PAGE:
Entries Filed in 'Economy'

The White House announces $68 Million to boost solar energy and cut greenhouse gases

September 18th, 2014 · No Comments · Economy, Energy Issues, Maine's green energy potential

ReVision worker installing solar panels.

The Obama administration, on September 18th, 2014, announced that it would dedicate nearly $70 million in funding toward bringing more solar power to homes and businesses, and improving energy efficiency in rural areas.

The $68 million in federal funds will go to 540 energy efficiency projects in rural areas across the country, 240 of which will be for solar power. Along with the funding, the White House also announced a slew of executive actions, private and public sector commitments, and initiatives from different federal agencies, including one from the Department of Energy to train at least 50,000 veterans to become solar panel installers in the next six years.

The White House estimates that all of the new programs will cut carbon pollution by more than 60 million metric tons every year, the equivalent of taking about 12 million cars off the road annually. By 2030, the programs would result in carbon pollution cuts of approximately 300 million metric tons, the equivalent of 63 million cars.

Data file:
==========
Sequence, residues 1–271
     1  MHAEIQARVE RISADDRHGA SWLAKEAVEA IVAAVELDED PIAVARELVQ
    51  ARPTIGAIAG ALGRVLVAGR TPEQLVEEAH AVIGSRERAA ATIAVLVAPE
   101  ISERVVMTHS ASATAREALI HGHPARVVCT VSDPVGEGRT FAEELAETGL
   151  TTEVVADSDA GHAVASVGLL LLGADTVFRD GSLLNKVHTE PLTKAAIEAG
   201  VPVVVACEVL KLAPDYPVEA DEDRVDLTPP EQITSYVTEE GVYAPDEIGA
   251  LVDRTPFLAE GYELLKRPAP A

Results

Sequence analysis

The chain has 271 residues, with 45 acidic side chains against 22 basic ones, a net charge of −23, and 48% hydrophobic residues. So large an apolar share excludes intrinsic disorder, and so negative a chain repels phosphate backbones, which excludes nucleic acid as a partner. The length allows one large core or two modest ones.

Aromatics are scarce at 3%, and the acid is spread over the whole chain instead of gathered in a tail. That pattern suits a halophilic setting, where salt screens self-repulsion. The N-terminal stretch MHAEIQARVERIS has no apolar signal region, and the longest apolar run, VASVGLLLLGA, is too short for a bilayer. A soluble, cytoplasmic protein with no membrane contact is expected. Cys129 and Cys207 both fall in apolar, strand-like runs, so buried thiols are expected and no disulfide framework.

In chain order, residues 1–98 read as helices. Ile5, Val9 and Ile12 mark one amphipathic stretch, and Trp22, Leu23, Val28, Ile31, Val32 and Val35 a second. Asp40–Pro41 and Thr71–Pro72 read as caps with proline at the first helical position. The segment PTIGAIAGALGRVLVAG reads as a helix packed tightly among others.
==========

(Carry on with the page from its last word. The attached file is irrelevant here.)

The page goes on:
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Wind turbine project will generate $11 million for Hancock County

September 14th, 2014 · No Comments · Business & Innovation, Economy, Energy Issues, Environment, Maine's green energy potential

Wind turbine project approved by Hancock County Commissioners September 12th will generate $11 million in property tax revenue for the county over a 30-year period agreement.

The commission voted 2-1 in approval of a tax increment financing (TIF) district for the project, which will install 17 turbines, at 500 feet tall, with a 3-megawatt capacity in Townships 22 and 16. Of the $11 million in property tax revenue, Hancock County will keep $5.82 million, while the rest will go to Hancock Wind, a First Wind subsidiary.

The agreement allows Hancock Wind to retain 70 percent of its annual tax payments to the county for the next 20 years, but for the last 10 years of the agreement the county will receive 100 percent of the tax revenue.

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Michaud discuses plan for Maine’s Energy Future at E2Tech Forum- LePage missing

September 12th, 2014 · No Comments · Economy, Energy Issues, Environment

Mike Michaud helped secure funds for UMaine's first in the Americas floating wind turbine project, VoltunUS. Photo by Ramona du Houx

Mike Michaud helped secure funds for UMaine’s first in the Americas floating wind turbine project, VoltunUS. Photo by Ramona du Houx

U.S. Rep. Mike Michaud, discussed his plan for creating jobs, reducing energy costs and protecting Maine’s environment by making Maine a leader in alternative energy development today at the E2Tech gubernatorial forum.

Gov. LePage refused to attend the event.